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Landlord immigration checks could lead to discrimination

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West Midlands pilot scheme for immigration check by landlords before renting a house would lead to ‘racism’ fears Labour. Asian Lite reports.

Property market - HousesPlans by the Government to force landlords to carry out extra checks on a tenant’s immigration status – or risk a £3,000 fine – risk “everyday racism” and could lead to “widespread discrimination”, Labour has warned, says a Birmingham Mail report.

The Immigration Bill, which will be debated by MPs, would make renting out accommodation to illegal immigrants a criminal offence – and follows a pilot scheme in the West Midlands.

Shadow home secretary Andy Burnham said the plans risk making Britain’s housing market a “hostile environment for tenants with foreign-sounding names,” says the BGM Mail report.

Writing in the Independent On Sunday, Mr Burnham described the Bill as “disproportionate, divisive, deceitful”.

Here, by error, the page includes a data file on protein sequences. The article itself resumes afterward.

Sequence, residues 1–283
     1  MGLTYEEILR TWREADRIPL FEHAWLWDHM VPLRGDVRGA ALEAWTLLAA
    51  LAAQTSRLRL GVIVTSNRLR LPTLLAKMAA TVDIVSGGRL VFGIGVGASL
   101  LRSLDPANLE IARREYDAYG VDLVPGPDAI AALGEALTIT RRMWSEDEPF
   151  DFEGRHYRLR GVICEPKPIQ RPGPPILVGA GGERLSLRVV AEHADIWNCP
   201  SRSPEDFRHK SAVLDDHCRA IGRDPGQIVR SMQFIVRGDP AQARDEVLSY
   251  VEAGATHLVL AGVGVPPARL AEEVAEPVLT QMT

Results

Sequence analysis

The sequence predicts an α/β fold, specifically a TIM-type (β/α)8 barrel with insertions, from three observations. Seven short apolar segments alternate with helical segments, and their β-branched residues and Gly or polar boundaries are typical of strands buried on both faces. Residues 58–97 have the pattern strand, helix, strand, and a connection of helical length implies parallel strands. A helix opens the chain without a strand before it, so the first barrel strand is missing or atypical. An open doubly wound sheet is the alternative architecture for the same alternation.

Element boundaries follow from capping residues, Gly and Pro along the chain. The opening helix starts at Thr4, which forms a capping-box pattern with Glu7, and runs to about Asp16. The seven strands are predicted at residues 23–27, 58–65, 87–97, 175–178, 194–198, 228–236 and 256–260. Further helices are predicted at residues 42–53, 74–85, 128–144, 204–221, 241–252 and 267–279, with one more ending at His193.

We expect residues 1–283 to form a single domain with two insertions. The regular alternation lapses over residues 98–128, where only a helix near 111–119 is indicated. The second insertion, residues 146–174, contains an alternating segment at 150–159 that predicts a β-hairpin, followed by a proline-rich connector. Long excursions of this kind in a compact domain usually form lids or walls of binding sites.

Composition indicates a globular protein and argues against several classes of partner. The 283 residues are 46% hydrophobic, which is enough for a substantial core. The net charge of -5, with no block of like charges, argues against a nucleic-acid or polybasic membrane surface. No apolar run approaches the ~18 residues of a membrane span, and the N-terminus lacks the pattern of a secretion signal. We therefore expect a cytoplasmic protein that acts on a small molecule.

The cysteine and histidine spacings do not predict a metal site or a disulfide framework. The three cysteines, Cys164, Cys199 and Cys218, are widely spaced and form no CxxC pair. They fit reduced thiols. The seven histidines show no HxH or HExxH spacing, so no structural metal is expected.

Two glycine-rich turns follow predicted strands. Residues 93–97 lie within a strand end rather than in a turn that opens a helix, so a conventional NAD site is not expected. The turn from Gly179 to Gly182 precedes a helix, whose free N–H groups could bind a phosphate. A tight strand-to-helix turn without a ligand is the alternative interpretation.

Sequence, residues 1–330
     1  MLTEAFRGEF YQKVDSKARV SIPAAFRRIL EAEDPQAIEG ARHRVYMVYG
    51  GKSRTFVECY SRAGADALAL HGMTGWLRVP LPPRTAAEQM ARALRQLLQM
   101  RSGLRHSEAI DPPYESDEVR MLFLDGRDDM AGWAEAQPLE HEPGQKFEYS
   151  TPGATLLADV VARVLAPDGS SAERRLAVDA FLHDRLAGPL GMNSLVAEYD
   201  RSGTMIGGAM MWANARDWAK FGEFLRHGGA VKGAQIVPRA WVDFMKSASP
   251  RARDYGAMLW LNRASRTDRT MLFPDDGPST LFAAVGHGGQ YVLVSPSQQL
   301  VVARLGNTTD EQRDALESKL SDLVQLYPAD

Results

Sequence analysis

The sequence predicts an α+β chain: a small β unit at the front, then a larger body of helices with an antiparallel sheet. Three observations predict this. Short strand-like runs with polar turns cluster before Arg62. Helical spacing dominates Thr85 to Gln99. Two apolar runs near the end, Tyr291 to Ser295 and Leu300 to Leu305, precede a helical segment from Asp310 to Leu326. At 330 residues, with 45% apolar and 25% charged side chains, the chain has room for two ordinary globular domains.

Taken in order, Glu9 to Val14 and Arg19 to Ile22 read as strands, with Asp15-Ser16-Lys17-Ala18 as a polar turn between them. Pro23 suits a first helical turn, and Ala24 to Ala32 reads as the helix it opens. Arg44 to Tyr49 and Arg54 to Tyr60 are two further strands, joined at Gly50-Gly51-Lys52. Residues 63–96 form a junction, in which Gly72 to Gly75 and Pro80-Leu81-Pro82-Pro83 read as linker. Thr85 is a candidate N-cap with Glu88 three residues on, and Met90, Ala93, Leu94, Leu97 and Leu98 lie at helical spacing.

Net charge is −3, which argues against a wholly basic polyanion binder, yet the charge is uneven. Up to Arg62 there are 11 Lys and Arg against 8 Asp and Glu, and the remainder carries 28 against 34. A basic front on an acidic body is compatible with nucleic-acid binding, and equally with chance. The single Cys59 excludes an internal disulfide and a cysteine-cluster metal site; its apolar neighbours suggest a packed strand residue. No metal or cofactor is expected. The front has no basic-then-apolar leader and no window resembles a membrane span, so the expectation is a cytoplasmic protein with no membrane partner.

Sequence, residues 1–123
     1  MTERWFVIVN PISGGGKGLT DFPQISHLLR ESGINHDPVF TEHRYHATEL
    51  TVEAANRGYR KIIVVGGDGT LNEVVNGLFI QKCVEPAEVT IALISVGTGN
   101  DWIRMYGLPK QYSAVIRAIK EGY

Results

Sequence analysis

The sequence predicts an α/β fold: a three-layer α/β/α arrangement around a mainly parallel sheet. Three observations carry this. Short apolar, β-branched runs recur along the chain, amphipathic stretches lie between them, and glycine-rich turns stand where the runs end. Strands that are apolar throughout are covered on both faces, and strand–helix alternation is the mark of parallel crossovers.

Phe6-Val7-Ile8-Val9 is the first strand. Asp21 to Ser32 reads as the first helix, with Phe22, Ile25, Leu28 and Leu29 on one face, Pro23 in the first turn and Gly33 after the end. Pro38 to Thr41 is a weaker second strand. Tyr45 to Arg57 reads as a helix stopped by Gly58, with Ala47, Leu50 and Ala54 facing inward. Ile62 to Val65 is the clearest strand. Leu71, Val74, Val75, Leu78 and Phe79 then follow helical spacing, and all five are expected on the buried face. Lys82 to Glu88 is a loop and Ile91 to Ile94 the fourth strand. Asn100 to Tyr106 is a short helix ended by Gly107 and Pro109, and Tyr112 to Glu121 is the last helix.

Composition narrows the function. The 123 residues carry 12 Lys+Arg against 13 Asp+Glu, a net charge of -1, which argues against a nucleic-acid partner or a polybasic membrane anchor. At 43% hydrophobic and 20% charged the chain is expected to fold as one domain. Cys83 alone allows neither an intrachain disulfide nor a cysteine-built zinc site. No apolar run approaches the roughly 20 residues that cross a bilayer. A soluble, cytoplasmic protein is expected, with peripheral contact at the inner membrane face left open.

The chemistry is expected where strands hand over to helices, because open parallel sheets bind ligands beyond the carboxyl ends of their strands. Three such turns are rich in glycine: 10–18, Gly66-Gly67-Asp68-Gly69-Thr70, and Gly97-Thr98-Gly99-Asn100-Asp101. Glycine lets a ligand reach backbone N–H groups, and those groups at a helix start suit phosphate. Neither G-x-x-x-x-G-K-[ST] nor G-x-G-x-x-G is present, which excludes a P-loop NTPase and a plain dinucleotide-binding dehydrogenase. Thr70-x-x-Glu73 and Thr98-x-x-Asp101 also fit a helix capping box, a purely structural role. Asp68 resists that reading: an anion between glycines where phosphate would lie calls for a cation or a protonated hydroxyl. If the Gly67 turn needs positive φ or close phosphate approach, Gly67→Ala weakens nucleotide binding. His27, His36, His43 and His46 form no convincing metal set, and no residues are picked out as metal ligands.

It includes the Right to Rent scheme, which was trialled in the West Midlands last year and requires landlords to check the immigration status of prospective tenants, such as seeing their visa or passport.

According to the Joint Council for the Welfare of Immigrants, more than 40 per cent of landlords who took part in the pilot said the scheme had made them less likely to rent a property to someone who did not have a British passport, while more than a quarter said they were reluctant to engage with people with foreign names or accents.

Mr Burnham said the Bill “seeks to propagate immigration myths rather than slay them”.

He said: “In practice, it could end up making Britain a more hostile place for anyone with a foreign-sounding name.”

Society has moved on since the 1960s, Mr Burnham added, when landlords displayed discriminatory signs in their windows.

He said: “But the new document checks could become the modern equivalent of the ‘no dogs, no blacks, no Irish’ signs and, by being more insidious, such casual discrimination will be far harder to challenge.”

Mr Burnham also claimed the plan contradicts Prime Minister David Cameron’s recent speech at the Conservative Party conference, in which he highlighted the problems young people from black or Asian backgrounds looking for work face by repeatedly having their CVs rejected.

He said: “If he truly believes what he was saying, why on earth is he about to legislate to make the same everyday racism far more likely to happen in the housing market?”

 

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